When co-ed Ann James tossed the tassel on her mortarboard at graduation from Smith College and thought ahead to her Yale Divinity degree, it’s unlikely her thoughts meandered to the day when she would spellbind audiences by wearing a combination Fredericks of Hollywood teaser with prosthetic hook arms.
That’s exactly what James does do every performance of Sideshow’s Maria/Stuart, while delivering more truth than her on-stage siblings can muster in a soothing mellifluous voice typically reserved for making Shakespearean lingo relevant to Chicago’s school children, or in for her pastoral work with the United Church of Christ.
Meet “Maria/Stuart’s Aunt Sylvia; meet Ann James.
A United Church of Christ minister and driving force to help the Summerdale Community Church provide a neighborhood place for all in the community, James has made her pastoral career share a platform with Chicago’s vibrant theater scene for decades. Not least of this work has been her devotion to making her beloved Shakespeare come alive to newer generations, including the many students who learn English as a second language.
Chicspeare, a name James coined to convey both a dual commitment to the city and to the Bard, is currently wrapping up its 2013 school programs. In the fall Chicspeare hopes to get back into full production mode helping teachers with Romeo and Juliet. Your funds and volunteer hours can make this happen and James welcomes all inquiries to http://www.chicspeare.org or (773) 699-BARD.
Why break from this work to perform the Aunt Sylvia role in “Maria/Stuart”?
This is how James explains what this role and the Sideshow Company mean to her—
“I love playing this part because Aunt Sylvia is a character who embodies a pure and genuine concern for the people around her—only wanting them to say and embrace the truth as she has. No matter what, she is determined to make sure that the lies that crippled her generation do not move on to the next and she will do anything to that achieve that goal.
“…Temperamentally I’m an introverted hermit, but professionally the things that consistently interest me from childhood musical interests, to performing, to politics, to church and then back to theater have always been what I call the communal imagination. History brings us into many forms of community and they each have a text that is worked out in a communal way—in music the score, in theater the script, in church the scripture. The text is always living. It is not just on the page.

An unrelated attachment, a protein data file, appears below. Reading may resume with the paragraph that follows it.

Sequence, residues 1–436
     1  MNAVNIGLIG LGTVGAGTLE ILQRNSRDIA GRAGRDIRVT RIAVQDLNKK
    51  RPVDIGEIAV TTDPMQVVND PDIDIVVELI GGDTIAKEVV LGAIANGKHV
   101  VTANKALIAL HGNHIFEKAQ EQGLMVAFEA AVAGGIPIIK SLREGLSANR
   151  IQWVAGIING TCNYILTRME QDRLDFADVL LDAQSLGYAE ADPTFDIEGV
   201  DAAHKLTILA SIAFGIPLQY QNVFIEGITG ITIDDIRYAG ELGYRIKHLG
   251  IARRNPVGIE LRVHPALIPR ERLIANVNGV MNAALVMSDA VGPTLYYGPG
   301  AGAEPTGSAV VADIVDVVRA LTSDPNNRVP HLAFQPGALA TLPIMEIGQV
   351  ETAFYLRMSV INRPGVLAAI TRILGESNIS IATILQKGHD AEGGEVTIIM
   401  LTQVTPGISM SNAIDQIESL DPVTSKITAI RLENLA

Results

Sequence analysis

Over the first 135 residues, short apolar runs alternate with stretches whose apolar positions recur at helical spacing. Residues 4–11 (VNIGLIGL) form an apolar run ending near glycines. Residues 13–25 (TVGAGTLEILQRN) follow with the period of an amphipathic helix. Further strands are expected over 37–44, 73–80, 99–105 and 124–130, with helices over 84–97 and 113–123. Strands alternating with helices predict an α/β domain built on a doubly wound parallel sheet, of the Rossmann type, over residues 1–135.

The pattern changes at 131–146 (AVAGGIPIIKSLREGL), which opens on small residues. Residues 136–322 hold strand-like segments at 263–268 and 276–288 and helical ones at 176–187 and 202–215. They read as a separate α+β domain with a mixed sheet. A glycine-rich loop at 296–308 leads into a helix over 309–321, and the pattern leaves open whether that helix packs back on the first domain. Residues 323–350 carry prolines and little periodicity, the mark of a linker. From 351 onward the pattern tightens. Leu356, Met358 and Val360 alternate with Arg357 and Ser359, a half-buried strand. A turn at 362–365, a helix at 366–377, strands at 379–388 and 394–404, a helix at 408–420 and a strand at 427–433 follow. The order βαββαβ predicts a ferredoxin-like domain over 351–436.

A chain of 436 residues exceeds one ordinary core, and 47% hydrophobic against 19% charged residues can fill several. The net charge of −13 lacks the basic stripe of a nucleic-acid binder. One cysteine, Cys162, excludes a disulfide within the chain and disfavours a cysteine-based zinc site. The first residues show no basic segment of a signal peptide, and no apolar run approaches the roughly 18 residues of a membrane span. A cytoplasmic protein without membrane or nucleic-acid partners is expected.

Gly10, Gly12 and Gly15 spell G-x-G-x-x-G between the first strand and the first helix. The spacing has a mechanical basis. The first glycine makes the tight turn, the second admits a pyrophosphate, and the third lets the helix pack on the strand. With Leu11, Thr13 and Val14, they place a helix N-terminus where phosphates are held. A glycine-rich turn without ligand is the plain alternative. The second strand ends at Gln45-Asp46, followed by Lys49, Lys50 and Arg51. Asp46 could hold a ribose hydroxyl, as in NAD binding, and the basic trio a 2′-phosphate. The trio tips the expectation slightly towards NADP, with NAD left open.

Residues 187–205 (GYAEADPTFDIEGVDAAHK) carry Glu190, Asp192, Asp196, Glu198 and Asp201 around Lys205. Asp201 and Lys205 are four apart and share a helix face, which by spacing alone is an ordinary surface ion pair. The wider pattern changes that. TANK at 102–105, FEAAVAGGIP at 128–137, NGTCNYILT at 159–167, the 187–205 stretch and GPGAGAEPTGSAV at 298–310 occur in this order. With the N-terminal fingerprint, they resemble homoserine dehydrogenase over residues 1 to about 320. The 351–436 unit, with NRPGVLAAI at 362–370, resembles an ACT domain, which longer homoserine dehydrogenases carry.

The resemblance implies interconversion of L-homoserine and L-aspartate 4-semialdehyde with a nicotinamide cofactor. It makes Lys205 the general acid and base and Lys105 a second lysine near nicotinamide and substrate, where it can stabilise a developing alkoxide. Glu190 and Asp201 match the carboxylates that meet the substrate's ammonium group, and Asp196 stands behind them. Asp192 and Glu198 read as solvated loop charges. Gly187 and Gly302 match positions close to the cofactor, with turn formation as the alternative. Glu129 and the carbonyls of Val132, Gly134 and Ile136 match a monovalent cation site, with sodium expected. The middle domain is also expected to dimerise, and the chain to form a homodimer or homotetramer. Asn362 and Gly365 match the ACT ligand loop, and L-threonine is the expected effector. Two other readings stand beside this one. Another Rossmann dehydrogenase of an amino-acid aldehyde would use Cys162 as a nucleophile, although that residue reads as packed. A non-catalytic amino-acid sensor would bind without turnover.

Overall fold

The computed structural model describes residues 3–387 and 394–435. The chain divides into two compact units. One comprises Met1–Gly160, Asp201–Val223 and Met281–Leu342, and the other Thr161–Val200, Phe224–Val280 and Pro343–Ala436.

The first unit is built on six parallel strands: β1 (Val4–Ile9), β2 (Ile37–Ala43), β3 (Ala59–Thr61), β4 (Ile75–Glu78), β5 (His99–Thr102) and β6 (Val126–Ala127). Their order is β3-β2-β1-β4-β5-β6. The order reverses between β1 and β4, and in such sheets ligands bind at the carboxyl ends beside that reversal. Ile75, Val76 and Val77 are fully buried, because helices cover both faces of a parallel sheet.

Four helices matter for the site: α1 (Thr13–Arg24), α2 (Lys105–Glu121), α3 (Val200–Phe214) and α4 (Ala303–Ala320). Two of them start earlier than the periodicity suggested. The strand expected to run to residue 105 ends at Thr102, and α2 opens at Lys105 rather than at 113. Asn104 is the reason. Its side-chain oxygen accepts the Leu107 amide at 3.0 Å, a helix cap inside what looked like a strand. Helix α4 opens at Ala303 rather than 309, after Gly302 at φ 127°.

“.. Or, as Shakespeare’s line in Hamlet Act 3 reads, “…to hold as 'twere the mirror up to nature: to show virtue her feature, scorn her own image, and the very age and body of the time his form and pressure.
“Having worked with Sideshow Theatre before, I was thrilled to be asked to do this part—even before I read this wonderful script that combines cartoonish moments with truthful drama and then goes back to the absurd. The theme of this play, and especially lived by the character I get to play, is that the truth will set you free and it is only the truth that will set you free.
“We read our lines as a comedy but really this is a truly tragic tale with the would -be hero not being up to living as a hero. No happy ending here…
“…I am drawn to this work as a moral. In this play as in life nothing every goes away. Today we live in a society where so much is disposable and materialistic. We all think we can just go and remake ourselves but we cannot. We have to live as we really are. That is Sylvia’s message. It is a timely message of freedom for us all.”
“Maria/Stuart” by Jason Grote is presented by Sideshow Theatre at the Theater Wit performance space, 1229 West Belmont, Chicago.
Maria/Stuart run time: March 30 – May 5, 2013
Curtain Times: Thursdays- Saturdays at 7:30; Sundays at 3 PM
Tickets at either www.sideshowtheatre.org or Theater Wit box office, (773) 975 – 8150.
Published on Apr 07, 2013